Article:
Two felony charges in one day were more than a bump in the NFLs offseason. They pointed to an ongoing problem for the league – players who wind up at the center of criminal cases.
Patriots tight end Aaron Hernandez was arrested Wednesday in Massachusetts, accused of murdering his friend Odin Lloyd. Also Wednesday, Browns rookie linebacker Ausar Walcott was charged with attempted murder in New Jersey. Both players were cut later in the day by their teams. On Thursday, the league said any club that now wants to sign Hernandez will face a hearing with commissioner Roger Goodell first.
The question now is whether the veteran tight end and the rookie should have been in the league at all.
It is difficult, its always a balancing act, says Tony Dungy, who won a Super Bowl as Colts coach and has served as a mentor to players since leaving the NFL, including Michael Vick after the quarterback served federal prison time for dogfighting. The league has a security department that sends out information, and every team is different in terms of how much its scouting department does and what areas are concentrated on most.
Its really a matter of what you do with the information and what your organization feels is important. One thing you have to keep in mind is a lot of the (negative) things that happen come when they are 15 or 17 or 19 years old.
According to FBI statistics cited by the league, the incidence of NFL players getting arrested is much lower than in the general public. The average annual arrest rate of NFL players is roughly 2 percent of about 3,000 players who go through the league each year, including tryouts and minicamps. Thats about half the rate of the U.S. population, the league says.
The NFL notes the disparity becomes even more dramatic when the group is narrowed to American men ages 20-34.
The San Diego Union-Tribune, which has tracked NFL arrests more serious than speeding tickets dating back to 2000, has listed 36 this year, including Hernandez and Walcott and three players who were charged twice.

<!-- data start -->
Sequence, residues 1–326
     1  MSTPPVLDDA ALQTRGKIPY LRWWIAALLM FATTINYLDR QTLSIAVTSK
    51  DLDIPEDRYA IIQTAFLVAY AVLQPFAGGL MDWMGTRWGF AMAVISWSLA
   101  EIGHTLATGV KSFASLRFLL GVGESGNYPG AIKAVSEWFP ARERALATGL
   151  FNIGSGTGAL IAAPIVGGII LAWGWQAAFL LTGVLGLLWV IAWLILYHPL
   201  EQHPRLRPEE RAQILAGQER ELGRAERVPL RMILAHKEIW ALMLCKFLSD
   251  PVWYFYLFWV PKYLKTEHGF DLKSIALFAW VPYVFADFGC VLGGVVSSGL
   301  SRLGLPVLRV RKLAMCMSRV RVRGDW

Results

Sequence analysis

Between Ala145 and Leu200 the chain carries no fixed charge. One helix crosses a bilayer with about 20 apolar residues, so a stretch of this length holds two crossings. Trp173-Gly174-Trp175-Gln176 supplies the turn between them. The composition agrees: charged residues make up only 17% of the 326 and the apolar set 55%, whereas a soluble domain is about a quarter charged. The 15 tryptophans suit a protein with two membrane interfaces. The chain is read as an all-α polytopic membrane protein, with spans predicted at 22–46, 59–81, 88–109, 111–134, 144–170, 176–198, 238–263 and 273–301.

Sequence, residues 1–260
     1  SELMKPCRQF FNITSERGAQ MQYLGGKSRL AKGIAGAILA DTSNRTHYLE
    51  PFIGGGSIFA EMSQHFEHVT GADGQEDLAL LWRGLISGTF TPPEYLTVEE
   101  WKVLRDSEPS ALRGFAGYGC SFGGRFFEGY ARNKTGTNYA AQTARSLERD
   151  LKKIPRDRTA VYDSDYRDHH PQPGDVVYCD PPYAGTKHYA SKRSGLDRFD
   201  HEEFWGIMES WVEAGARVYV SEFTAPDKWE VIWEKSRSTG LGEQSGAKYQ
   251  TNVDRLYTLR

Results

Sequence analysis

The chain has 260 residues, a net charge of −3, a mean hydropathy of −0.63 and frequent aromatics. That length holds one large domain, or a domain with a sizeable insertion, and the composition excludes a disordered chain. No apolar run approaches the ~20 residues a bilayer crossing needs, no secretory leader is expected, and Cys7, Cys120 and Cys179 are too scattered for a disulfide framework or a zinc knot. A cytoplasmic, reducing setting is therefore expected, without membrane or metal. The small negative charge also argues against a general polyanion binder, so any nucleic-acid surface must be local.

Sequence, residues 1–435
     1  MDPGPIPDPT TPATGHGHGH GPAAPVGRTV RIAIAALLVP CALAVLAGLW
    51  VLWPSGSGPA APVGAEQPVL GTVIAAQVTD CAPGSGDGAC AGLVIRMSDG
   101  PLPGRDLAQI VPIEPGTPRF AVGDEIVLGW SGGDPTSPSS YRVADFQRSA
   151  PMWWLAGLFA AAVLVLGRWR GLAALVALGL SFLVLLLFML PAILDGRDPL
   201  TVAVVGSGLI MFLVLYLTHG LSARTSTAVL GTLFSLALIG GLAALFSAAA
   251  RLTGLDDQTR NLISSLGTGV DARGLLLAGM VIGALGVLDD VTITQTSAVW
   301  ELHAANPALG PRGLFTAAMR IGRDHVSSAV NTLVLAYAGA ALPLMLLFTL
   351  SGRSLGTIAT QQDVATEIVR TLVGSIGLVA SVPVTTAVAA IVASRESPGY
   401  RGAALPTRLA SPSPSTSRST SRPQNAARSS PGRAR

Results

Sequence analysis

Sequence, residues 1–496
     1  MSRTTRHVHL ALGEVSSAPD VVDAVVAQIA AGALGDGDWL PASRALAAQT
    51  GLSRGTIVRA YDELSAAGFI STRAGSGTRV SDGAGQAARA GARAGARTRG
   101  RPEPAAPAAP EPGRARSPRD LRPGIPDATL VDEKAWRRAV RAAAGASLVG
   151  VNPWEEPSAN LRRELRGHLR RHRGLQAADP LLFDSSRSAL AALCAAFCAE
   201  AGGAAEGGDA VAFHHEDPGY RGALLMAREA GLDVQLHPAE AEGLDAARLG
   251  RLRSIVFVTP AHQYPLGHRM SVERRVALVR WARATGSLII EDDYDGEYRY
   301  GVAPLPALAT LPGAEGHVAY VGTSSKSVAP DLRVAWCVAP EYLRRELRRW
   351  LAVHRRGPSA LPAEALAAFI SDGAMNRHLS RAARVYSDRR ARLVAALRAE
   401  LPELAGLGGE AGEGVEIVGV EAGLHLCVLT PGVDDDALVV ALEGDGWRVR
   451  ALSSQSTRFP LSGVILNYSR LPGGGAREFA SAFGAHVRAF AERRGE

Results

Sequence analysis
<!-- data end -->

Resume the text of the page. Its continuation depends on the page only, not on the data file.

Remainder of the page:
By comparison, the NBA says six of its players have been arrested since July 1, and Major League Baseball says its aware of three cases this year worse than a speeding ticket: two DUIs and a misdemeanor drug charge.
Of course, even a few cases such as Hernandezs or that of Jovan Belcher – the Chiefs player who shot his girlfriend to death last December, then committed suicide in front of his coach and general manager – can create a widespread negative image.
And anyone who has suited up for an NFL team will face extra public scrutiny for even minor offenses.
Dungy stresses that the amount of homework teams do is critical because they dont get much one-on-one time with prospective players. Some clubs do psychological analyses, even hiring outside agencies to handle them. Dungy is not a fan of that.
You have to find out if they have grown from the issues, or there seems to be a pattern, or will these issues always be there, he says.
Bill Polian, who built the Bills, Panthers and Colts into Super Bowl teams as one of the NFLs most successful general managers and team presidents, strongly maintains that the leagues vetting process is solid. It delves into players histories from high school and college.
Those investigations have become more sophisticated through the years; background checks include not only public records such as court documents and arrest data, but also conversations with teammates and coaches, high school principals and other people who have been a part of a players life and development.
It uncovers a fair amount of information, Polian says. It is not designed to uncover information that is usable in court, but it is a process by which the clubs try to ascertain a clear picture of the individual that they are thinking about taking.
But theres no way of knowing how playing football for a living will change a young man.
First of all, it is important to remember that no team is immune from having a player run afoul of the law, whether its a speeding ticket up to what we have seen in the Hernandez and Belcher cases, which are as serious as is possible to be, Polian says.
Theres no magic wand a team can wave and change that player who has had serious problems. Its no different than any other workplace in America, just more publicized.